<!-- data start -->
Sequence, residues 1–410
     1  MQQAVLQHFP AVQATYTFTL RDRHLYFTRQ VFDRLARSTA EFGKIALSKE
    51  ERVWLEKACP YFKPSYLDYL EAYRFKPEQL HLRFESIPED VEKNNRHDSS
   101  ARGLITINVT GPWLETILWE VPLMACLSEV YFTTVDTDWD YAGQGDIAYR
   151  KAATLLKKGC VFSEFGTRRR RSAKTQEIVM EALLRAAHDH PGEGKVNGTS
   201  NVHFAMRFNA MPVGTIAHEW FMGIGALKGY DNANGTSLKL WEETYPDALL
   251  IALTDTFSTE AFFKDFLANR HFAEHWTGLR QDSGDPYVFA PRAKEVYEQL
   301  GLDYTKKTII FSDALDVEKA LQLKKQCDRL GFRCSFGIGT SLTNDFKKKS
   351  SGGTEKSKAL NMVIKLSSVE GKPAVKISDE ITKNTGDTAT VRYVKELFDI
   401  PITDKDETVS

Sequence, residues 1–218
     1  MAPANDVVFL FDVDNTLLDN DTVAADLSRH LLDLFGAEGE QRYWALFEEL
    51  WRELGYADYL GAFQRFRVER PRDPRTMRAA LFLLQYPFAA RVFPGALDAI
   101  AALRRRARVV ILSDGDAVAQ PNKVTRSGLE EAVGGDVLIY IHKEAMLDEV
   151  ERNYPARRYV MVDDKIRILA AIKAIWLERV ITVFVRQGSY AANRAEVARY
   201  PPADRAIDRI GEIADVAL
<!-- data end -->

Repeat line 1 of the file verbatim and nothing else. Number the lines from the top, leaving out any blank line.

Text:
Sequence, residues 1–410